Friday, March 8, 2013

Canada at the League of Nations

 Palais Wilson, Quai Wilson, Geneva
Headquarters of the League of Nations (until 1938)

 The League of Nations was created by the Treaty of Versailles after WWI to promote international co-operation and to achieve international peace and security. Members of the League pledged not to go to war before submitting their disputes to arbitration or inquiry.  The League of Nations came into existence on January 10, 1920, and had its headquarters in Geneva, Switzerland. 

The main organs of the League of Nations were the Assembly, Council and Secretariat. The General Assembly, which consisted of  all members of the League, decided on the organization's policies. The Council whose main function was to settle international disputes included permanent and elected members. The Secretariat carried out the day-to-day matters of the League.

 Canadian Prime Minister Robert Borden persuaded Britain to allow Canada to have its own seat in the League of Nations, an important step on the road to becoming an independent nation. Canada was a League member throughout its existence, and was an elected member of the Council from 1927 to 1930.

The League was successful in resolving several conflicts and  provided opportunities for international discussion of political and legal questions, disarmament, economic relations, the protection of minorities, communications and transit, and health and social questions. Unfortunately the League of Nations failed in its  primary purpose, the prevention of another world war.  The League of Nations was dissolved on April 20, 1946, transferring its assets to the United Nations.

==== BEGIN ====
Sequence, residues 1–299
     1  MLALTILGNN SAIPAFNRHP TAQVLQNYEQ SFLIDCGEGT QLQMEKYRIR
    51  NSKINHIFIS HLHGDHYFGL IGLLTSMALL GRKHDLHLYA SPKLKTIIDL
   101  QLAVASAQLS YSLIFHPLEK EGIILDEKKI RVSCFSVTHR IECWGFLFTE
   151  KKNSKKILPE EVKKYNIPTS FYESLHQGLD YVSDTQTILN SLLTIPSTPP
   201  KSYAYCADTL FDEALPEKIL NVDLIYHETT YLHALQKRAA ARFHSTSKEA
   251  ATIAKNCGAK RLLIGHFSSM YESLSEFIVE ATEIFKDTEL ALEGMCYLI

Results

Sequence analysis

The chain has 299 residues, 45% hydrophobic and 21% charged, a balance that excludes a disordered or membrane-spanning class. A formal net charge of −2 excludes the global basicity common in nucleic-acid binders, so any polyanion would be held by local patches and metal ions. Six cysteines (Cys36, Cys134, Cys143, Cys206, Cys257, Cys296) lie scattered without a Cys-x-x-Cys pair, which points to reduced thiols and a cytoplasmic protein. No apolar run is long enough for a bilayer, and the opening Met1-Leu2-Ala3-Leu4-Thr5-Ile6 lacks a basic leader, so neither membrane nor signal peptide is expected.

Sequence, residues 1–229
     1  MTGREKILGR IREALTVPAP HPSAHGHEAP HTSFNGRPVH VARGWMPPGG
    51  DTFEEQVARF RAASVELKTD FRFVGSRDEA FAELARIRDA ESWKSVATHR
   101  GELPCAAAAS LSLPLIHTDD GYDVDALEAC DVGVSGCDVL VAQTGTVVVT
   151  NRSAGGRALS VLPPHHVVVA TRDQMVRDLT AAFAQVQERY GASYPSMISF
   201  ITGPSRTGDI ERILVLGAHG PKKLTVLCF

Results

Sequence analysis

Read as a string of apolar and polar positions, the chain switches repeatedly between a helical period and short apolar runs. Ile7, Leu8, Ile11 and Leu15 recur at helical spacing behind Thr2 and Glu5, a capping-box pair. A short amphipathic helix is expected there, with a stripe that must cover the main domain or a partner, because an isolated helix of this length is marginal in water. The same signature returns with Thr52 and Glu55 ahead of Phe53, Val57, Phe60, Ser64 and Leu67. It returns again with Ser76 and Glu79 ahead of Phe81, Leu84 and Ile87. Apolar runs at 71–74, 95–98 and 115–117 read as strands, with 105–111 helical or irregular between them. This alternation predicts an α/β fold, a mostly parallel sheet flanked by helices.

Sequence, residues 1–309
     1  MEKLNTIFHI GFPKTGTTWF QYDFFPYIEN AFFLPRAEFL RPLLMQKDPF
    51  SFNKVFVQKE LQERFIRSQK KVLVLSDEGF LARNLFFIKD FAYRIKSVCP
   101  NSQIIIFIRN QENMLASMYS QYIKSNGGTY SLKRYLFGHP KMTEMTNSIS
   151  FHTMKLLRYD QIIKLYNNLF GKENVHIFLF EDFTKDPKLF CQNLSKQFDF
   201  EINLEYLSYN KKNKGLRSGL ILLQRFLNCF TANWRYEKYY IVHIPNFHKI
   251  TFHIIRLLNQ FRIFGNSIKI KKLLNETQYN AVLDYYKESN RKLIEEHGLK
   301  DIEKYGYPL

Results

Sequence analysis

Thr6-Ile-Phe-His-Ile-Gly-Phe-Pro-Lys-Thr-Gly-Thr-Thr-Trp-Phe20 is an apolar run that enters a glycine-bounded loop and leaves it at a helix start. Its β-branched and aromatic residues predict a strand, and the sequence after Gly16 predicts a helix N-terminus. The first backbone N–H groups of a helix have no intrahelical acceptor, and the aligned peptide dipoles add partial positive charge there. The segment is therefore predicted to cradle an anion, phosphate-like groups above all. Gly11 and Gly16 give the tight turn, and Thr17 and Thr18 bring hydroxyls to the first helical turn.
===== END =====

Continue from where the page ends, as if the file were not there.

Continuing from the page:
Now to the postal history connection.

12th Ordinary Session of the Assembly : September 7 -31 1931

1931 12th Session of the Assembly

Canada's representatives to the 1931 Session of the General Assembly were delegates Charles Philip Beaubien, Hugh Guthrie, Henry Plumptre, and substitutes Dr. Walter A. Riddell (Canadian Advisory Officer to the League of Nations), Philippe Roy, and Martin Burrell.

The cover below was mailed to Geneva before the start of the annual General Assembly session.

A registered letter mailed from the House of Commons to Martin Burrell , League of Nations, Geneva,  August 31, 1931

 21 cents paid the 11 cent 2 oz. UPU letter rate + 10 cent registration fee

Registration handstamps

The Hon. Martin Burrell

The addressee, substitute Canadian delegate Martin Burrell had served as the Minister of Agriculture in addition to other portfolios in the Borden government from 1911 to 1920. In 1920, he resigned from the House and became Parliamentary Librarian, a position he held until his death in 1938.

Dr. W.A. Riddell
Canadian Advisory Officer

 Dr. Riddell(centre) with Prime Minister Mackenzie King, League of Nations, Geneva 1936

Dr. W.A. Riddell, civil servant, diplomat, and academic, was the Canadian Advisory Officer to the League of Nations from 1924 to 1937. From 1940 to 1946, he was the Canadian High Commissioner to New Zealand, and later taught International Relations at the University of Toronto.